Participants comment on J.League equality film

Participants comment on J.League equality film

The Respect Fair Play Campaign, a joint-venture between the J.League and Japan Football Association focused on the objective of “creating a world without discrimination or violence”, released a public relations video promoting public awareness of human rights on September 10.

The following are comments from players and football officials who participated in the project.

Yuki Muto (Urawa Reds)

“It was my first time being involved in this sort of production and I was nervous to meet my fellow co-stars, but there was a cheerful atmosphere and I enjoyed the time we spent together. In order to protect human rights, every one of us needs a sympathetic heart. Let’s consider our partners and be respectful in order to create a world without discrimination or violence!”

Kengo Nakamura (Kawasaki Frontale)

“I think the J.League’s push for human rights awareness is a fantastic idea. Nothing will change if nobody says anything. By promoting this issue, I hope the J.League will inspire this cause to take root in every region of Japan. Through football, I’ve made a lot of friends from different backgrounds. Discrimination doesn’t exist in healthy relationships built through sport, nor should it. I think it’s very significant that the J.League made this film and I’m glad to have participated. I hope that many people will watch it and have an opportunity to think about these issues.”

Jong Tae-se (Shimizu S-Pulse)

“I have always lived with discrimination and had many different experiences overseas. The J.League’s interest in human rights awareness is wonderful and I’ve spared no effort in participating. However, I don’t believe that the pain of those who have experienced discrimination can be understood by those who haven’t. I truly wish that we can reduce the number of people who feel this pain, and hope that through this project everyone involved in football can gain a common understanding of this issue.”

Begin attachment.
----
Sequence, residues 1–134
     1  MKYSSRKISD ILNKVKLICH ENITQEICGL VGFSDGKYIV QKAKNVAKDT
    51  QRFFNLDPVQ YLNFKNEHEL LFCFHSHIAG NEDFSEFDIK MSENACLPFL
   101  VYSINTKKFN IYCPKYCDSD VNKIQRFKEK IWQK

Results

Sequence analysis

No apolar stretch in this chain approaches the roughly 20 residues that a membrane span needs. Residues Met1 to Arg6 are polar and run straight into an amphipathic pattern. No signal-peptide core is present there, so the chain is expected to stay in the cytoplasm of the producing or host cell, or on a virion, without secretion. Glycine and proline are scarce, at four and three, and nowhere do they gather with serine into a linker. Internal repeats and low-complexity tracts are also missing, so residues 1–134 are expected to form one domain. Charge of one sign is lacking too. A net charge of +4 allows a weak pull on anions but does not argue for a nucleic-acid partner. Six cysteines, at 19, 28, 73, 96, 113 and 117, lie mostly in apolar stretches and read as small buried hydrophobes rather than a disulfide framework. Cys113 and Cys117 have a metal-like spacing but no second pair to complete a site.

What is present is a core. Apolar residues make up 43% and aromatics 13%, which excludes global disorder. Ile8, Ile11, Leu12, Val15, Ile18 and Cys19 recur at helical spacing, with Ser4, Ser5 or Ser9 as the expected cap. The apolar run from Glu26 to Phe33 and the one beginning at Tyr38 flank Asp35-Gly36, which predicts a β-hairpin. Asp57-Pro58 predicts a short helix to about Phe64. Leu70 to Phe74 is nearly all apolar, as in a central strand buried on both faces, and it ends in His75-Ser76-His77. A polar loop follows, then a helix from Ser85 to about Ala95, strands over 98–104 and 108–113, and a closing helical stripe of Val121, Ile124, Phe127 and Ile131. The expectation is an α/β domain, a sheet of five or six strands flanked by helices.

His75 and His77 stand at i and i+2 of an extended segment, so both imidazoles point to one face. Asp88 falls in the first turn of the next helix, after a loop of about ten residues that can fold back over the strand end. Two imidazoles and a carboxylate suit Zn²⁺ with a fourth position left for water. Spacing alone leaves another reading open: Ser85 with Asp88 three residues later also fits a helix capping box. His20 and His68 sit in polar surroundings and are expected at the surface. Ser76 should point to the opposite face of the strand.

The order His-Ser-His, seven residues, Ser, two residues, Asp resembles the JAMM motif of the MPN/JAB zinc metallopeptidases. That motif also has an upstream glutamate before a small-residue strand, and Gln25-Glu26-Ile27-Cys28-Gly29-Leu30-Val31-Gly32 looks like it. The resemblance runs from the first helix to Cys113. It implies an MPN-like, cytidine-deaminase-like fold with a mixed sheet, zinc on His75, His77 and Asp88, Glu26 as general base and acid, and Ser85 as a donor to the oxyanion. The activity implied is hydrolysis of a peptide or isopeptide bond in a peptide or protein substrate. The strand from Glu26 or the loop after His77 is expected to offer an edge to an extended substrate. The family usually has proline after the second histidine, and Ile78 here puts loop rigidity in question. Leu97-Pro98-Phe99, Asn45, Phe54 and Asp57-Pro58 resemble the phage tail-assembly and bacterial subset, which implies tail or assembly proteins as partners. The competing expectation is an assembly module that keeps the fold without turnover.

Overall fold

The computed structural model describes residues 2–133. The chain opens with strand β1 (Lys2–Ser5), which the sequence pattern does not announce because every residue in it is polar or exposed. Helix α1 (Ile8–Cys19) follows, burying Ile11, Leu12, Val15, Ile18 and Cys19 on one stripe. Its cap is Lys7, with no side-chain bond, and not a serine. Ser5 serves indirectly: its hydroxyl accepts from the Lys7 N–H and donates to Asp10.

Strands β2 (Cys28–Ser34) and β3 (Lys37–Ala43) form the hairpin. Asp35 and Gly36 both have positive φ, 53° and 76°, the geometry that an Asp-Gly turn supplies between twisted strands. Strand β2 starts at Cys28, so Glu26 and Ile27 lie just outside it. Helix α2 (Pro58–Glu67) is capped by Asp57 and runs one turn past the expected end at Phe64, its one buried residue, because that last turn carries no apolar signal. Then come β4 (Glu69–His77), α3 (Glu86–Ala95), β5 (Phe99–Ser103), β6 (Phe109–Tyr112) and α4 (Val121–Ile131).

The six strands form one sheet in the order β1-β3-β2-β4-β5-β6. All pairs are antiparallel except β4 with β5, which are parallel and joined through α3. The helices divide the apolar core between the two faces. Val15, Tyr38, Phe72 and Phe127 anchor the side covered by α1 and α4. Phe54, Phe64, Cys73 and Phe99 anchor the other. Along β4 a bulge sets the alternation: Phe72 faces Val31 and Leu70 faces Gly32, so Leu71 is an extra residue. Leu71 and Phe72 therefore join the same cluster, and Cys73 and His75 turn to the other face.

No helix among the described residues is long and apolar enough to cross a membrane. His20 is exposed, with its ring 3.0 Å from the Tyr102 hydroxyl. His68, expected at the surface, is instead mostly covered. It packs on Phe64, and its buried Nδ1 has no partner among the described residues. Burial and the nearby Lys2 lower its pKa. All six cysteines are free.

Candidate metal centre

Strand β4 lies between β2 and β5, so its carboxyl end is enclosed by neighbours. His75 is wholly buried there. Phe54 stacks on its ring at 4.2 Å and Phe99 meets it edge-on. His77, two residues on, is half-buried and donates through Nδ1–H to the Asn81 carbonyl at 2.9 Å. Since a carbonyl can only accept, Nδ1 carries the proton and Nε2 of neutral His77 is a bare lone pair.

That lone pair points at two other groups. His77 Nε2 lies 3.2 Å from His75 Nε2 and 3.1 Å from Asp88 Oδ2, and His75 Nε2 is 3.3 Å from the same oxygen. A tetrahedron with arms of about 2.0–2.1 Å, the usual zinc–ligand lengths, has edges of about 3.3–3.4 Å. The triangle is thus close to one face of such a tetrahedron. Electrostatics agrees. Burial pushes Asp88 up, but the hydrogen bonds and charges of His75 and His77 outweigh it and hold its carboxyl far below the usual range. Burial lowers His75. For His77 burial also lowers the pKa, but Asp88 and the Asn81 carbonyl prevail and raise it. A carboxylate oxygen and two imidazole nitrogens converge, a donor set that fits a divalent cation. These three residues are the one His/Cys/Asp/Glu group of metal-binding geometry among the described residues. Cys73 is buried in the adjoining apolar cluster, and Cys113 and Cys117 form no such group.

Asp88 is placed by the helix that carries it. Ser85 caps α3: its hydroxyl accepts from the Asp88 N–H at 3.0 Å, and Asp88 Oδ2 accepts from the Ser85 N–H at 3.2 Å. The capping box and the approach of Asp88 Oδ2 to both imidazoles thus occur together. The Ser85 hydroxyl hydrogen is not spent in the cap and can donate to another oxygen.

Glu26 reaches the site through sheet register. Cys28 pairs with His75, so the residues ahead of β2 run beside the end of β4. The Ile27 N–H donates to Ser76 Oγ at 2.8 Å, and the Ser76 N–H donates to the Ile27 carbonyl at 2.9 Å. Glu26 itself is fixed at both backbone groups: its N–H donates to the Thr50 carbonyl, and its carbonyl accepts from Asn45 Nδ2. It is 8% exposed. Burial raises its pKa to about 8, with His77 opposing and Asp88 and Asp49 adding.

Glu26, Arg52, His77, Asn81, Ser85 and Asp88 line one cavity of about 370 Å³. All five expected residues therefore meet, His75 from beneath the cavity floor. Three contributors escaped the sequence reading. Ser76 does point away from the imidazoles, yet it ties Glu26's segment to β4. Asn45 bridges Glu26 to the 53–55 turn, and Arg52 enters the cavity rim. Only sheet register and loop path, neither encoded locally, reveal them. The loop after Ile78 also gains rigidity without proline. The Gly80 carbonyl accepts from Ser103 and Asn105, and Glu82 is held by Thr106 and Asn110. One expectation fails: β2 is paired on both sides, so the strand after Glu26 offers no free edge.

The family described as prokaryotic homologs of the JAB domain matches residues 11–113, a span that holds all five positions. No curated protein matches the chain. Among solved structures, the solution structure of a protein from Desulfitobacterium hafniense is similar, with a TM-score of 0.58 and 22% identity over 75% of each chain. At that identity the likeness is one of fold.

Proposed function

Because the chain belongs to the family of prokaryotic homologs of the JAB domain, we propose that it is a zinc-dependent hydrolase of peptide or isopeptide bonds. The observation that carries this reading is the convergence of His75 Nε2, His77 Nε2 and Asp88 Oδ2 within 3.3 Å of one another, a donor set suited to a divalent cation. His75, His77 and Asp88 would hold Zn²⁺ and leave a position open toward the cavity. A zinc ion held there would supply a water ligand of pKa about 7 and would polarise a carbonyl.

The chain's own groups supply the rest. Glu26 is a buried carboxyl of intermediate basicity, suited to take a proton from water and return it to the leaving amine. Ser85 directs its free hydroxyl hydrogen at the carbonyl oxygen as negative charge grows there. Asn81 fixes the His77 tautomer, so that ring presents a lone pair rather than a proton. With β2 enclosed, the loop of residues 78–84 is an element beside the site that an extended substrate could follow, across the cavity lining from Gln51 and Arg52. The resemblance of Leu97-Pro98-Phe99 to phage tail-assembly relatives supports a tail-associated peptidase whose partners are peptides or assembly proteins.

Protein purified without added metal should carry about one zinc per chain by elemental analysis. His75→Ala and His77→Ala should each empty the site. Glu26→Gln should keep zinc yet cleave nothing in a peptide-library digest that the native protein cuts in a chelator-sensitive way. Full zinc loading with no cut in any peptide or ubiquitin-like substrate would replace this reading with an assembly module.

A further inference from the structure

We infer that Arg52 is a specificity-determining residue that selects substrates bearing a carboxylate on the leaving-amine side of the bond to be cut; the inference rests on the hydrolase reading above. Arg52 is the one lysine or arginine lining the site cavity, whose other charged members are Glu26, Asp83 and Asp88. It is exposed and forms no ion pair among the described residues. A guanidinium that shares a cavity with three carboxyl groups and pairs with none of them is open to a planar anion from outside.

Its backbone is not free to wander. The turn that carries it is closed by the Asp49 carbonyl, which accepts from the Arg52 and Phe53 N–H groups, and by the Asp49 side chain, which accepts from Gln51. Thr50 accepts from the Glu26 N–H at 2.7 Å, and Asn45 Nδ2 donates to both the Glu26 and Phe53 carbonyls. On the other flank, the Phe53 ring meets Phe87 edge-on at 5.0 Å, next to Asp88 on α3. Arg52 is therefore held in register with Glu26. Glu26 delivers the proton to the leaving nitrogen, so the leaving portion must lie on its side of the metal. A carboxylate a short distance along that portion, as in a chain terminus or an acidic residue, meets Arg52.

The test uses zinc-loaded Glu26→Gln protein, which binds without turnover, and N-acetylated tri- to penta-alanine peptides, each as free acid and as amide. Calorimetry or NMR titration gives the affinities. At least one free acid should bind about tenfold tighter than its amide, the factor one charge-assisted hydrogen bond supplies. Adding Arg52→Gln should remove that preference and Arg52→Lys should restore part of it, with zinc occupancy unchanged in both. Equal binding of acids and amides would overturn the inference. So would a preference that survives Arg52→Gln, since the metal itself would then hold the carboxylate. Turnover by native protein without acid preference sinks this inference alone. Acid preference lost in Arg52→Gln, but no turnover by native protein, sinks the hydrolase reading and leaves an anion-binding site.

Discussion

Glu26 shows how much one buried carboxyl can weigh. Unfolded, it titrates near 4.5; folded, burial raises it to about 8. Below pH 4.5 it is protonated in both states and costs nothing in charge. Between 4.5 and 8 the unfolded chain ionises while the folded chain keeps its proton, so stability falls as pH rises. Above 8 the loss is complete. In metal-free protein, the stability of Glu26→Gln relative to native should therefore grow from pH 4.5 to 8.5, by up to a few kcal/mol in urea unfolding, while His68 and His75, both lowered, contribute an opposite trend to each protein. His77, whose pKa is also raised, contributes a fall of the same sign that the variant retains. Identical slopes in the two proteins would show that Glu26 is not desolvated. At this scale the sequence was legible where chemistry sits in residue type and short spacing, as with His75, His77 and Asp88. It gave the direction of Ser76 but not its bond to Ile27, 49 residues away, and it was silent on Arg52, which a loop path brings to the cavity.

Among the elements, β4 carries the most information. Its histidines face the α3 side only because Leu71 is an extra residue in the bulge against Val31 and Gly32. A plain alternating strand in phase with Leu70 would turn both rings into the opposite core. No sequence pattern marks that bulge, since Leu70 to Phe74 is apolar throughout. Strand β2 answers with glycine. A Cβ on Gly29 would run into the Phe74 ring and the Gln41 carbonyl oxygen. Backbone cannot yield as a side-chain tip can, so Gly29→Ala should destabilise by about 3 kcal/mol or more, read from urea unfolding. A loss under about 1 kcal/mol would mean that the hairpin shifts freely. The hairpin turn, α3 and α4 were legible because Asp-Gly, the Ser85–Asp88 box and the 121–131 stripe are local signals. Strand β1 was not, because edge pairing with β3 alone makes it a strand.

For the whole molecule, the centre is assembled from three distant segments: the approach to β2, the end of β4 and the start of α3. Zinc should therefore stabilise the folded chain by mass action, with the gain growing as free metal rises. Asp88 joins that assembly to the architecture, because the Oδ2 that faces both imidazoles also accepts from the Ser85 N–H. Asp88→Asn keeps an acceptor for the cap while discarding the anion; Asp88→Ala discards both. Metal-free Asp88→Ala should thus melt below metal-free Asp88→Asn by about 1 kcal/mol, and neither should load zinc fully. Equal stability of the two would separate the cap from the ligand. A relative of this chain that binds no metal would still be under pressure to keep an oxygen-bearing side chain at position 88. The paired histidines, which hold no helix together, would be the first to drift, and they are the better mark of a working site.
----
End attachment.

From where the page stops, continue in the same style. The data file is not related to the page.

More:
Sidmar (Coach, formerly of Shimizu S-Pulse)

“There is great significance in the J.League and wider football world’s promotion of human rights awareness. No one should be defined by their skin colour, religion, or even the team they support, and I’m glad to have participated in a project that teaches viewers to recognise each other as fellow human beings through football. I’m happy that both active and retired players contributed to this project. I was deeply moved by the passion of the filmmakers. Whatever colour the jersey you wear, we’re all the same. Let’s use the power of humanity to make a beautiful and happy world!”

Florent Dabadie (Journalist / Former Japan national team translator)

“I’ve been a football fan since I was a child, and I waited 20 years for France to win their first World Cup. Beginning with Zinedine Zidane, that team was a melting pot of players of African, Central Asian and Oceanian heritage. Their unity was France’s greatest strength. The J.League was born in 1993 with the help of excellent foreign players, and 20 years later still needs the passion of foreigners like myself who live in Japan. Though I contributed just four years to the internationalisation of Japanese football as the national team’s translator, it’s an honour to have participated in this project.”

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